I remember my brother borrowing this game from his friend. It came free on an Amstrad gaming magazine at the time and because it was something I hadn’t played and it was new, and probably because it had words in the name that my mum didn’t want me to hear, I was desperate to play it.
The aim of the game was to gate crash a party and make all the guests leave the party. You could explore the premises and do things like finding clingfilm and then covering the toilet seat upstairs with it so that when a guest used it they would leave because of someone else’s obscene behaviour. I adored exploring and trying to work out what I could and could not do. Albeit I wasn’t very successful at the game as I had no experience when I was seven or eight years old of how to wreck a house party.
The game just seemed clever to me and was letting my preadolescent self be naughty without my mum giving me a grilling for anything. The designers had put in an intentional hard reset of the game by finding a computer keyboard upstairs and agreeing to press the reset button on it. I was upset when I did it the first time as my whole game had disappeared and I was looking at the Amstrad CPC home menu with a tape cassette rewind and load up needed to start the game again. This game was offering up freedom to me and I loved it at the time and I’ve never looked back since.
Of course, I’ve played many games, many very good games, that don’t allow such freedom and are purposefully linear in design. I’ve enjoyed many of these, on-the-rails shooting games such as Operation Wolf and House Of The Dead. Action games, platform games. But what really makes my brain tick though is when I play something that lets me loose, purposely to do as I want or even to do things that the designers didn’t intend me to do in their games. On some games that just isn’t possible.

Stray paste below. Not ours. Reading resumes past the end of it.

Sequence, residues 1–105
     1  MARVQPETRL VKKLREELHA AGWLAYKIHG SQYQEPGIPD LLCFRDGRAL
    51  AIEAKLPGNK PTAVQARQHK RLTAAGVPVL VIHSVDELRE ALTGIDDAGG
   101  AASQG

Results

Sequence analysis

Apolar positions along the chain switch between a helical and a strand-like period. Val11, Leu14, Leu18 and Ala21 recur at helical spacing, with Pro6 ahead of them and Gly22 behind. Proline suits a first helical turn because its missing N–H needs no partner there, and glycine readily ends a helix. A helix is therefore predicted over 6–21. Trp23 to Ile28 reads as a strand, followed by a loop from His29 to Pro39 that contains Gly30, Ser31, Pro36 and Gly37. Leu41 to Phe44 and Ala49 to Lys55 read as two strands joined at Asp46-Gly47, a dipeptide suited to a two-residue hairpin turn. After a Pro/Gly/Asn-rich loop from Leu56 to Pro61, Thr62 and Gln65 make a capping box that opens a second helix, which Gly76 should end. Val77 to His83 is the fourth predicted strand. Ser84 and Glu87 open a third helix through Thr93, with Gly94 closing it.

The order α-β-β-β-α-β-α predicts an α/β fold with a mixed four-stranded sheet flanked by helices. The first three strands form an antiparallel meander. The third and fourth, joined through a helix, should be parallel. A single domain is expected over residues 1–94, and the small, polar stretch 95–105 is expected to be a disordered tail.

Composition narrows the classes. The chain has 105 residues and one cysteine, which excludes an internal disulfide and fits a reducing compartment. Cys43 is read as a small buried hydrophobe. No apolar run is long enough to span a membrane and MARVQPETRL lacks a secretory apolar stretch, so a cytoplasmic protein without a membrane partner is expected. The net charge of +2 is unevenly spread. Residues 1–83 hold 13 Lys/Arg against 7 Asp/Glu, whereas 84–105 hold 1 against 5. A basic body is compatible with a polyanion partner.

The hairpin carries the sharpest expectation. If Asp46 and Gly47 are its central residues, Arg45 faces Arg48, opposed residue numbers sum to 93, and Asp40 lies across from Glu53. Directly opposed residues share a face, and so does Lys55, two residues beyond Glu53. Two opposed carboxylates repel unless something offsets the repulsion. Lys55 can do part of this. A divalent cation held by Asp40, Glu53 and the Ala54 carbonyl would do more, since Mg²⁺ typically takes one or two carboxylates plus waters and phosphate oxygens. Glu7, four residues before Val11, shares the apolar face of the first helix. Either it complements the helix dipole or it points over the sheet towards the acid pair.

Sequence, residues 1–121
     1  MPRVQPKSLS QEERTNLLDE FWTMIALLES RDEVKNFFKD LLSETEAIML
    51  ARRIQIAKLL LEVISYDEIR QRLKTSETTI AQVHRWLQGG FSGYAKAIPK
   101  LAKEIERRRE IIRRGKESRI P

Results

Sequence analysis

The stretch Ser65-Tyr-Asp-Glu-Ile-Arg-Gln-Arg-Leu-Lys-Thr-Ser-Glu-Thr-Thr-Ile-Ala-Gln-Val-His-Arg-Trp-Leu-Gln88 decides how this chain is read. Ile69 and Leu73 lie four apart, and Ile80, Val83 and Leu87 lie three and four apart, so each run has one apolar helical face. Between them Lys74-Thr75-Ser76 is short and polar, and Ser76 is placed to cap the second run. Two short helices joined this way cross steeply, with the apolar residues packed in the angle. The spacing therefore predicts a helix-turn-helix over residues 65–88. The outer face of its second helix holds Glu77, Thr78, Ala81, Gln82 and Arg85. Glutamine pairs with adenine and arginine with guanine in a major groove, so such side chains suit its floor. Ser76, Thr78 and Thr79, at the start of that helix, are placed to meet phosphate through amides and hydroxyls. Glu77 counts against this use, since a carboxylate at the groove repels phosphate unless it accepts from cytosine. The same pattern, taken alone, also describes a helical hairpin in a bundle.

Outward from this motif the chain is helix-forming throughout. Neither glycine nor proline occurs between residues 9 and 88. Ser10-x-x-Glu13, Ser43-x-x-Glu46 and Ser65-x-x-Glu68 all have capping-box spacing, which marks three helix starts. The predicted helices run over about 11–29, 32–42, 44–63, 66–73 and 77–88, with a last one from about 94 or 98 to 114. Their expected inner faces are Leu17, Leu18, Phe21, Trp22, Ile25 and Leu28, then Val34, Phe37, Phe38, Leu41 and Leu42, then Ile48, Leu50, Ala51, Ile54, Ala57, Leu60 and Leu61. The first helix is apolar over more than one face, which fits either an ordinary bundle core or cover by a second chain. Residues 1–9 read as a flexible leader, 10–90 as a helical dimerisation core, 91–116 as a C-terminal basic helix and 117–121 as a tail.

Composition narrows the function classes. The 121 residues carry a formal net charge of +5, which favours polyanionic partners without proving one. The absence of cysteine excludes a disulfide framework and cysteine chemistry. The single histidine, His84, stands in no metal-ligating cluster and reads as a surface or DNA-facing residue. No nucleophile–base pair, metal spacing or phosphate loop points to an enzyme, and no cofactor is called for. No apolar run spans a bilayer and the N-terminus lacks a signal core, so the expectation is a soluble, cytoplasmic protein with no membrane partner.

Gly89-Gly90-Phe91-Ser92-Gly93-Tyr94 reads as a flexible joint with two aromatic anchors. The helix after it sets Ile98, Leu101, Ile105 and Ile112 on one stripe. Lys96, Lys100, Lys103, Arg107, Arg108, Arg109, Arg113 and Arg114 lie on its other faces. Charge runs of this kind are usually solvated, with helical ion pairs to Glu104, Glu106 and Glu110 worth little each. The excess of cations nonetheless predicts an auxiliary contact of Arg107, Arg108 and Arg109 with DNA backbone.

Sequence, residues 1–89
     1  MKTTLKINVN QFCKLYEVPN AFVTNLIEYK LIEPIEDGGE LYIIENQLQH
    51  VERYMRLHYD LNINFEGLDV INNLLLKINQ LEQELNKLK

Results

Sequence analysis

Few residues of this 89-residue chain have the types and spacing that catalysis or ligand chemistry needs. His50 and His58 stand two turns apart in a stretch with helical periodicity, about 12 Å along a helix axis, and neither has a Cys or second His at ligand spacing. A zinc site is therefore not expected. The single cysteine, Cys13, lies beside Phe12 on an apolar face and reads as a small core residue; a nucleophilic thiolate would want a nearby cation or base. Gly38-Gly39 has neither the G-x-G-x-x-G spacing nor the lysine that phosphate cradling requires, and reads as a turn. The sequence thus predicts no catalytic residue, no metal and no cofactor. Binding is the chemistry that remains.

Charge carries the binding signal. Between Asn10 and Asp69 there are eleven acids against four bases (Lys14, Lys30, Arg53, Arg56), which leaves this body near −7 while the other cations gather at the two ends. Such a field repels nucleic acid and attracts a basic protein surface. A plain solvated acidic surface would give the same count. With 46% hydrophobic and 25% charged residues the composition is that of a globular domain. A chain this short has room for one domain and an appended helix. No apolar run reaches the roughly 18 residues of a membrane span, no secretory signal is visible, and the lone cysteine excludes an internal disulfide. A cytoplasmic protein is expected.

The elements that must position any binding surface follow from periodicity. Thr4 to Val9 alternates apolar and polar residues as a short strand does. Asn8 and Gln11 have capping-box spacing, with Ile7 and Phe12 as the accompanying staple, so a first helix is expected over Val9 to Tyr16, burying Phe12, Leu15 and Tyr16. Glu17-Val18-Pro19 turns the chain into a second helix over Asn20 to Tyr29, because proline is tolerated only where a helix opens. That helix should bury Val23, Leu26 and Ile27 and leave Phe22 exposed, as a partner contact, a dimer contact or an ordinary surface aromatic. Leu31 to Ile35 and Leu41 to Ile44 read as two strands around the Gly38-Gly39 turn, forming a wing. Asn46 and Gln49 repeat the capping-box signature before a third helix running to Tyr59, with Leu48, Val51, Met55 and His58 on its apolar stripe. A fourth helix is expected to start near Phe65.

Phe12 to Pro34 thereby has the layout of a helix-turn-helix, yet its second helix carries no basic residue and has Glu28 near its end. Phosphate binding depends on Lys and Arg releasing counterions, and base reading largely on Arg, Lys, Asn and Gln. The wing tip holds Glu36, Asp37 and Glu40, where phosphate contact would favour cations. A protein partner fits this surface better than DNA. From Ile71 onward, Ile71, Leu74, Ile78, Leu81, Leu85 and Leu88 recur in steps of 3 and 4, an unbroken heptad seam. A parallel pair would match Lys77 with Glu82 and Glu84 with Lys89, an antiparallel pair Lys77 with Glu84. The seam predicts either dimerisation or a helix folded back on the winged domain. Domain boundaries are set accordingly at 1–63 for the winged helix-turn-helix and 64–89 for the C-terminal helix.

Games that are restrictive in their freedom make me feel like I should be using my time to watch a movie instead. Games are made to be interactive and give you the scope to make your own choices. Usually when I see an arrow telling me which way to go I’ll go the opposite away on purpose. If I find a quest in a game and see where it is on the map I’ll head in the other direction. If someone tells me don’t steal the horse from the stables I’ll try everything in my power to steal it; even if it’s impossible I’ll still have some fun trying it.
Open world sandbox games seem to be the epitome of freedom now in gaming. Free-roaming unstructured gameplay allowing the player to do as they please, usually at their own leisure. The player given a world to explore as they so wish. The Legend Of Zelda: Breath Of The Wild is the cream of the crop now in this genre. It’s the benchmark for open world sandbox games. It raised the bar so high. It offers up freedom in abundance.
The online community on Zelda have been taking the bookshelf from Hyrule Castle and carrying it to the top of a Sheikah Tower just because they can. It’s gaming freedom at its finest, doing seemingly pointless activities that offer up a challenge that the designers never intended but was made possible by the imaginations of us, the gamers.
By reader Nick The Greek
The reader’s feature does not necessary represent the views of GameCentral or Metro.